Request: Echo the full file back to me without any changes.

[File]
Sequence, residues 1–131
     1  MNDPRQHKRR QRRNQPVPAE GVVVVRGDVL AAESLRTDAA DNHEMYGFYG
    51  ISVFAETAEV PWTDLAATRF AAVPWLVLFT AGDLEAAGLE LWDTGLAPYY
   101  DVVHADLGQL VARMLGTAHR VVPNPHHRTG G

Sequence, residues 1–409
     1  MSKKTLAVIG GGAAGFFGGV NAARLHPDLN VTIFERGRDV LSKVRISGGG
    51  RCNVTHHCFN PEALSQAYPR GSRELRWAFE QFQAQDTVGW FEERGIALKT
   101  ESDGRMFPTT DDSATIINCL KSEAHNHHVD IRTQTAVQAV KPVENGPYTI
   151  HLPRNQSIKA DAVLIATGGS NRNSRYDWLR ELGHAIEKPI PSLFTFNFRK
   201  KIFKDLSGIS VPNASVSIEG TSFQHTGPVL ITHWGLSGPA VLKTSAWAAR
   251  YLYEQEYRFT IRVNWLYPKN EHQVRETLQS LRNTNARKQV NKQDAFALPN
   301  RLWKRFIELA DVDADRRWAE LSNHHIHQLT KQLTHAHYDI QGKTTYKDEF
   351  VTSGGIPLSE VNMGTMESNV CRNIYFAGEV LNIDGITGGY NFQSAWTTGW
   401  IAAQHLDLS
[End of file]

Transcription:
Sequence, residues 1–131
     1  MNDPRQHKRR QRRNQPVPAE GVVVVRGDVL AAESLRTDAA DNHEMYGFYG
    51  ISVFAETAEV PWTDLAATRF AAVPWLVLFT AGDLEAAGLE LWDTGLAPYY
   101  DVVHADLGQL VARMLGTAHR VVPNPHHRTG G

Sequence, residues 1–409
     1  MSKKTLAVIG GGAAGFFGGV NAARLHPDLN VTIFERGRDV LSKVRISGGG
    51  RCNVTHHCFN PEALSQAYPR GSRELRWAFE QFQAQDTVGW FEERGIALKT
   101  ESDGRMFPTT DDSATIINCL KSEAHNHHVD IRTQTAVQAV KPVENGPYTI
   151  HLPRNQSIKA DAVLIATGGS NRNSRYDWLR ELGHAIEKPI PSLFTFNFRK
   201  KIFKDLSGIS VPNASVSIEG TSFQHTGPVL ITHWGLSGPA VLKTSAWAAR
   251  YLYEQEYRFT IRVNWLYPKN EHQVRETLQS LRNTNARKQV NKQDAFALPN
   301  RLWKRFIELA DVDADRRWAE LSNHHIHQLT KQLTHAHYDI QGKTTYKDEF
   351  VTSGGIPLSE VNMGTMESNV CRNIYFAGEV LNIDGITGGY NFQSAWTTGW
   401  IAAQHLDLS